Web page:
Years ago I wrote a story for The Forward about the many off-Broadway shows with the word "jew" in their titles (My Mother's Italian, My Father's Jewish & I'm in Therapy, 25 Questions for a Jewish Mother, A Jew Grows in Brooklyn and Jewtopia). The feature was inspired by my mother, who enjoys all things Jewish. My mother calls whenever she hears about anything with a Jewish premise or a Jewish character or even a Jewish actor. She is the person who supports Natalie Portman's career even though she can't name three movies Portman has appeared in.
Each time she calls about a show she has read about in a Jewish paper, she begins with: "Have you heard of this show?" My answer is often: "Yes, but I was hoping to avoid you hearing about it." You see, generally there are a lot of them, most of which I wouldn't see on my own. For example, in the fall of 2009, I had heard The Retributionists was unwatchable, but it was about Jewish youths plotting to kill Nazis in 1946, so, my mother said: "How bad could it be?" Seriously.
This year there seem to not have been as many shows that fit her bill. And most of what there has been I can't really recommend. (While many people actually think the acclaimed play Jerusalem is about the Jewish homeland, that is incorrect. It is not a companion piece to David Hare's Via Dolorosa; its name comes from a William Blake poem. This is fine with me -- I have more egalitarian tastes. However, in honor of the fast-approaching Mother's Day, I wanted to write a post for all the mothers like my mother.
The issue is, when I sat down to write this post, I had trouble thinking of an on-topic show I could praise. JewQueen, was an enjoyable if overly silly, take on the story of Purim. But it is a) closed, b) was never going to be a mainstream show and c) may as well have been a posted a "maximum audience age" sign. There are two shticky shows -- Danny and Sylvia: The Danny Kaye Musical and One Night with Fanny Brice -- that depict popular Jewish performers and win over many older audiences members. (Both ironically play at St. Luke's Theatre.)
I just thought I needed more before I could compose this post. I was going to wait to write it until I could expand in detail about the Roundabout Theater Company's current Jewish-themed musical (which has not officially opened yet) or maybe even until Judy Gold returned to the New York stage with It's Jewdy's Show ... My Life As A Sitcom (which will happen in a couple of months). I couldn't delay though. I couldn't because the one production my mother wants to make sure everyone sees is closing this coming weekend. It is La Cage aux Folles. While the musical's title doesn't scream Jewish and indeed there are not Jewish characters, it was written by and currently stars one of my mother's favorite Jewish performers, Harvey Fierstein. La Cage is the show that my mother wanted to strongly recommend. With that in mind, I turn the column over to her:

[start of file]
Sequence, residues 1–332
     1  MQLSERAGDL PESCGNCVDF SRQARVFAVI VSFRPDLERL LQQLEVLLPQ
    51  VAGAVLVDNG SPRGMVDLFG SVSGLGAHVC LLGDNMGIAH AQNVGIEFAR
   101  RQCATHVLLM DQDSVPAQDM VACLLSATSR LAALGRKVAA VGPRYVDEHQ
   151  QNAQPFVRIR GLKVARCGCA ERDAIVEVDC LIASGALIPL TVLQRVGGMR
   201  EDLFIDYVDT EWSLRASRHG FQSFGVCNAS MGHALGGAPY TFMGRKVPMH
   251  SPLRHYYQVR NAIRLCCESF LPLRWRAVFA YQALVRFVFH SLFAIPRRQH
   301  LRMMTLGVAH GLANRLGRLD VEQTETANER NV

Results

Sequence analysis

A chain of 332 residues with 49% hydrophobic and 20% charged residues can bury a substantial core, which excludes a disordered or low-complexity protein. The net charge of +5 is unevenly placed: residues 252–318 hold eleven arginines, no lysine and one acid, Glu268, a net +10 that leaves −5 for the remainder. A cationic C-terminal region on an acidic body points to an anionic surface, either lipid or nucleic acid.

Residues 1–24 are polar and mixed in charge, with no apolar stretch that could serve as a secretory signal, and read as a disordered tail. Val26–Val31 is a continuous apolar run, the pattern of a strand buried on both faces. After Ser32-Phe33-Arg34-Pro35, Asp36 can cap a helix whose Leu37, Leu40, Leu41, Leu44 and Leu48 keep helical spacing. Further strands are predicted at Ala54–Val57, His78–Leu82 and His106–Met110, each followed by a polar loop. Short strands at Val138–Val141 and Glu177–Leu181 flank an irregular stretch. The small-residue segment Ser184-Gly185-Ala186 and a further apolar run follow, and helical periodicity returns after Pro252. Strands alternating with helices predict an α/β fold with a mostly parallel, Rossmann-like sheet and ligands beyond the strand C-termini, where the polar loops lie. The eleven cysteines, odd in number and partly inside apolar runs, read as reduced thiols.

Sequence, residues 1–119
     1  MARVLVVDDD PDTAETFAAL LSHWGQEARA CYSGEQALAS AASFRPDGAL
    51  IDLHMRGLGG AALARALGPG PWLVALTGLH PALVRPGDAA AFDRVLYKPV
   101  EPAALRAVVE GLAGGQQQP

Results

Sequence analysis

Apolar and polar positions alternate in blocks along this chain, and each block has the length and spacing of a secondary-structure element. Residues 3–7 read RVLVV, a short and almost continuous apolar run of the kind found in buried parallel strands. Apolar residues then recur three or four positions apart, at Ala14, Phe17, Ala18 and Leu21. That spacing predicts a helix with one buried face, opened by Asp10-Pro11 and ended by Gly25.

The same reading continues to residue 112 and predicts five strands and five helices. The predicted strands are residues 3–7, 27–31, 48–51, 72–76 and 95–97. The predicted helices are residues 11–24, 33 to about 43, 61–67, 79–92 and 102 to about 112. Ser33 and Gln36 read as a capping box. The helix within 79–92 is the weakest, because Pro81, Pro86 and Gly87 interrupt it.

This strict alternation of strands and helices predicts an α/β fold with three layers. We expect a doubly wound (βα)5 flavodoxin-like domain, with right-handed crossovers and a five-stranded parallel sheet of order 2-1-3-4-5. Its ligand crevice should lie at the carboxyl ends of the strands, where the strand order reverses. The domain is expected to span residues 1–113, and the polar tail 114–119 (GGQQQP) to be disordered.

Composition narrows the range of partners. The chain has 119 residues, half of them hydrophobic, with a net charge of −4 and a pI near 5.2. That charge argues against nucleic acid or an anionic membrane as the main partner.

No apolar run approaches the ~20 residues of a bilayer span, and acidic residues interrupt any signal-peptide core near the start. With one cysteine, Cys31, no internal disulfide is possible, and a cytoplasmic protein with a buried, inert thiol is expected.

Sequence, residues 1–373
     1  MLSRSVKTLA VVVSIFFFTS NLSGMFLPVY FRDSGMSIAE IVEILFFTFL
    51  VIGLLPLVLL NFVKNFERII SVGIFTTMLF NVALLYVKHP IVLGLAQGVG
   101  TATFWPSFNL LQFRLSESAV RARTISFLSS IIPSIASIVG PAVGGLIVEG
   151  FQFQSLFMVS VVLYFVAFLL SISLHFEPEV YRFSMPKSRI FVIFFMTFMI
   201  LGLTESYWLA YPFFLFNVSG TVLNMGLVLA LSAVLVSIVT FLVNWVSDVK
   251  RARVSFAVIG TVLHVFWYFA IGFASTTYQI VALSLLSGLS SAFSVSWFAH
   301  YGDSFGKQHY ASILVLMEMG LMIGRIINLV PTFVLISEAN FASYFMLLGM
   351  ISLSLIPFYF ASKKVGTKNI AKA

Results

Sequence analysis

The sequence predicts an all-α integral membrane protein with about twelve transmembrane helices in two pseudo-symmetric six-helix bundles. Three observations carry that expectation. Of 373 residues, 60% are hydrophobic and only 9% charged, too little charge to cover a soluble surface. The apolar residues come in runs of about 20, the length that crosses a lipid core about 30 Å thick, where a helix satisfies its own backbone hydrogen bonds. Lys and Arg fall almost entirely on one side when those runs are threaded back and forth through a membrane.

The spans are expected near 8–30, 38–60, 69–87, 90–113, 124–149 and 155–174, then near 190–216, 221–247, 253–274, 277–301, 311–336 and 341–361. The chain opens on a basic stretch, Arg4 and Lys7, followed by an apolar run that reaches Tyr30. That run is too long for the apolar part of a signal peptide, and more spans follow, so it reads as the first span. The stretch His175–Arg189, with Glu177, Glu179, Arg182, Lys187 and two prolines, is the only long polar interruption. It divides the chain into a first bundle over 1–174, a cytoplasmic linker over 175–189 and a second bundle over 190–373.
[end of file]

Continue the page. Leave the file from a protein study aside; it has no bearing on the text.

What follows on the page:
There are times that the taste of the theater going public amazes me. This is one of those times. I cannot believe that La Cage Aux Folles with Harvey Fierstein is closing on May 1 because of low ticket sales. Maybe the problem is that people remember the last revival and no one wants to pay to see that again. This one is entirely different. It puts the heart back into a musical that has wonderful songs, a joyous spirit and touching moments.
Couple this wonderful musical with a star like Harvey Fierstein (who wrote the book back in 1982) in the role of Zaza and it is pure entertainment. I must admit that I am a huge Harvey Fierstein fan. He somehow manages to put New York Jewish shtick into every role. It can be in his intonation or his facial expression. Here, in what may seem like a decidedly non-Jewish role, he makes you think that ZaZa might be a French Jew in a mixed marriage. The audience loves him. What Jew -- what intelligent person of any faith -- would not want to go see Harvey Fierstein? If there is any way that you can get a ticket for La Cage Aux Folles in the last days of its present run, do it. You will have a wonderful time.
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